Chronic purulent rhinosinusitis (CPR) is an inflammatory condition of unknown origin. Although various medical and surgical treatment modalities are available, 5-10% of patients remain refractory. Immune deficiency is one of the underlying risk factors for this disease. Earlier studies demonstrated disturbances in cell-mediated immunity and defects in monocyte chemotaxis in CPR. Treatment with the thymic hormone preparation thymostimulin led to significant clinical improvement in patients and in vitro restoration of monocyte chemotaxis. Unfortunately, thymostimulin became unavailable, which has led to recent interest in the immunomodulatory effects of the thymic peptide thymosin α1, which has demonstrated some benefit for CPR. Our current in vitro work focuses on the potential effects of thymosin α1 on monocyte function and gene expression profiles in order to understand its effects and mechanisms of action. Future clinical studies will evaluate the potential significance of thymosin α1 in treatment of CPR patients.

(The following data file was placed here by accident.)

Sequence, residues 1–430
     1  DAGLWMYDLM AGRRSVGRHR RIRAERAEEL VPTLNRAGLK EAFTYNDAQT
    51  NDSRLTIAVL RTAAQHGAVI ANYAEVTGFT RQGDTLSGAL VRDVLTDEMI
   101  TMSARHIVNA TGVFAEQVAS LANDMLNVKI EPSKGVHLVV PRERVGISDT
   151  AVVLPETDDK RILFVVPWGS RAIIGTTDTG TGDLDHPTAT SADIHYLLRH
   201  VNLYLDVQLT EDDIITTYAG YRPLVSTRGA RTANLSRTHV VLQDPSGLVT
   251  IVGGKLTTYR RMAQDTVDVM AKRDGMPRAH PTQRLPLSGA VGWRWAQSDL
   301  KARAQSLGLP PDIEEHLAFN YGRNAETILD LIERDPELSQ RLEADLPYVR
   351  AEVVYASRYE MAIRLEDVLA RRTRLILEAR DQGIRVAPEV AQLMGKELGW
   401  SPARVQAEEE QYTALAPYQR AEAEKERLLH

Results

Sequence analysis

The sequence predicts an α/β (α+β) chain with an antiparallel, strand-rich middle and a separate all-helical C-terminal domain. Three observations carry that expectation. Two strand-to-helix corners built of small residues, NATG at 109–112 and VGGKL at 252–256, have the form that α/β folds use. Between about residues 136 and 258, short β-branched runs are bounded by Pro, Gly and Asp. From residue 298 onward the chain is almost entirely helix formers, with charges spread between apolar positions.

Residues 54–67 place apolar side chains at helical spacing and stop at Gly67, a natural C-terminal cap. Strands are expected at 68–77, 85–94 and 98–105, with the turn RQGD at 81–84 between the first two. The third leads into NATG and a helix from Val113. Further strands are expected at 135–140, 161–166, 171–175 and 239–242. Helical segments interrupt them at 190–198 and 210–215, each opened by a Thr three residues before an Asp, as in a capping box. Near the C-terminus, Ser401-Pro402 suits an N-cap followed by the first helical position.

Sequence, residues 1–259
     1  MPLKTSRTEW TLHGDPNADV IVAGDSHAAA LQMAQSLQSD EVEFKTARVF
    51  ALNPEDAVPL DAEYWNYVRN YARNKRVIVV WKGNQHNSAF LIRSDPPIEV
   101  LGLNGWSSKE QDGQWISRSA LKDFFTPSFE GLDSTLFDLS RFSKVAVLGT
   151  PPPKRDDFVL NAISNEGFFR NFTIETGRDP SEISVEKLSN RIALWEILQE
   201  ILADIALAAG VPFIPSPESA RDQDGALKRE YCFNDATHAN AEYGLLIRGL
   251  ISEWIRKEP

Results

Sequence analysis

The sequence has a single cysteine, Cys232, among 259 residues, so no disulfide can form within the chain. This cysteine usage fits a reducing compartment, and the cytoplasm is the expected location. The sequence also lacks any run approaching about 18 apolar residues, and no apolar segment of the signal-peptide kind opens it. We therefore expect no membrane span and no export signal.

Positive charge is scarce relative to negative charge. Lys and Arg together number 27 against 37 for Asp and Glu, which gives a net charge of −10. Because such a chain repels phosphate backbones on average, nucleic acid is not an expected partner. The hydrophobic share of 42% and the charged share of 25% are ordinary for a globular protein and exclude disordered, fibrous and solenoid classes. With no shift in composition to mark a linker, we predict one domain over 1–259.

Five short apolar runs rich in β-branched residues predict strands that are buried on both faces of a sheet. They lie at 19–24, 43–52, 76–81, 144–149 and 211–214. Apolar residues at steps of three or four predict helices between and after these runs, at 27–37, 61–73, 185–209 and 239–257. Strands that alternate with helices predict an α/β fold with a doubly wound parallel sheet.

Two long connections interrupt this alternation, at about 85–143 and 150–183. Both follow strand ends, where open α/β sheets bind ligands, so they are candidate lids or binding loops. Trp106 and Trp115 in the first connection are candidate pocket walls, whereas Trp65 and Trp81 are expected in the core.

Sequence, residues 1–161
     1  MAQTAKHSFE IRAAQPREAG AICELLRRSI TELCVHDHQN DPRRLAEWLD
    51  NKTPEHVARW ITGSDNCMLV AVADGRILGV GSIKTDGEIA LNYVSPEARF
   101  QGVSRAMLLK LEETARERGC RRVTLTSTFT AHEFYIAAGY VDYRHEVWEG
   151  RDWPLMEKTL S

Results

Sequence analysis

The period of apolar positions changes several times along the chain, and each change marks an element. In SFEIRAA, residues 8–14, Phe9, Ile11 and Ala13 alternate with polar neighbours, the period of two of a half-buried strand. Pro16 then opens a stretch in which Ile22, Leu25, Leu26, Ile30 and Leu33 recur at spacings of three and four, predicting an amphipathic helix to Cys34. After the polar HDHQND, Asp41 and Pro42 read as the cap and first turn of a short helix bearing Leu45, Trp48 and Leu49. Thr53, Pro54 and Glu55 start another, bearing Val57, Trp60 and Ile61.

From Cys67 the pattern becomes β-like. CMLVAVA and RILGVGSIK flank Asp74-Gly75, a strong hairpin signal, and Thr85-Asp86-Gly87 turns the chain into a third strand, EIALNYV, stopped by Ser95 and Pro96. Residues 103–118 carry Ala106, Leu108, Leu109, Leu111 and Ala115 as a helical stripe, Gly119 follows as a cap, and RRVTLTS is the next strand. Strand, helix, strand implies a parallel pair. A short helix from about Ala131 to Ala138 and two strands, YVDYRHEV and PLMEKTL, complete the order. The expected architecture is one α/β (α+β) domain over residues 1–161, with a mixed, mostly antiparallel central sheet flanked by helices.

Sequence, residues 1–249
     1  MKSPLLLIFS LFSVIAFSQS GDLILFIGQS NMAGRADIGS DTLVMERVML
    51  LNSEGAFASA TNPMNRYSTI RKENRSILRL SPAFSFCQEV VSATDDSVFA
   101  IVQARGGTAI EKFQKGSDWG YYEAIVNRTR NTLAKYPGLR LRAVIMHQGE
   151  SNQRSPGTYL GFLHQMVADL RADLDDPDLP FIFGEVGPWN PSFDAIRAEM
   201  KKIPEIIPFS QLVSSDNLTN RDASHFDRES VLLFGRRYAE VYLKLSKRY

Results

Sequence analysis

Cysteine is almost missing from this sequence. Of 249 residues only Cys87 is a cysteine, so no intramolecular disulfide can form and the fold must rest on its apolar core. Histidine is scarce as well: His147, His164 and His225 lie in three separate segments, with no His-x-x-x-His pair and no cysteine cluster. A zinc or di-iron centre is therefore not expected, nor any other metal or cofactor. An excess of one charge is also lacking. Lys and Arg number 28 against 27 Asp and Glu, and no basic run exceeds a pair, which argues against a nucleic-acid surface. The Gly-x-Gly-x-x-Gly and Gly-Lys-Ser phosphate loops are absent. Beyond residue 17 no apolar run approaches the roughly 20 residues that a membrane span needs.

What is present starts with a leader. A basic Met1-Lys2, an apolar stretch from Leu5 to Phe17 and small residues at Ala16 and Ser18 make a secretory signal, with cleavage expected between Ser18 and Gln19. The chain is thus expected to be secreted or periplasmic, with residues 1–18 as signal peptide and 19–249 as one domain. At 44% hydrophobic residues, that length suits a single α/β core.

Immune deficiency, Monocyte, Polarization, Rhinosinusitis, Thymosin α1,
Department of Immunology

Dalm, V.A.S.H, de Wit, H.J, & Drexhage, H.A. (2012). Thymosin α1: A novel therapeutic option for patients with refractory chronic purulent rhinosinusitis. doi:10.1111/j.1749-6632.2012.06742.x